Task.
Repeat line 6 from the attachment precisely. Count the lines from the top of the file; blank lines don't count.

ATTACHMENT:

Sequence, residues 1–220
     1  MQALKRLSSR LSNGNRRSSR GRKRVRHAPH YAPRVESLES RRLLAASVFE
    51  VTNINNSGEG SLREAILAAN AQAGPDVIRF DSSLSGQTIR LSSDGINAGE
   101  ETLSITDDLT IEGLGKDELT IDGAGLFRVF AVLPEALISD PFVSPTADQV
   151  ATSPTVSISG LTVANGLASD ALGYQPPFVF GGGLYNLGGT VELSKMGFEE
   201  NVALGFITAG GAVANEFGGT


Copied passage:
   201  NVALGFITAG GAVANEFGGT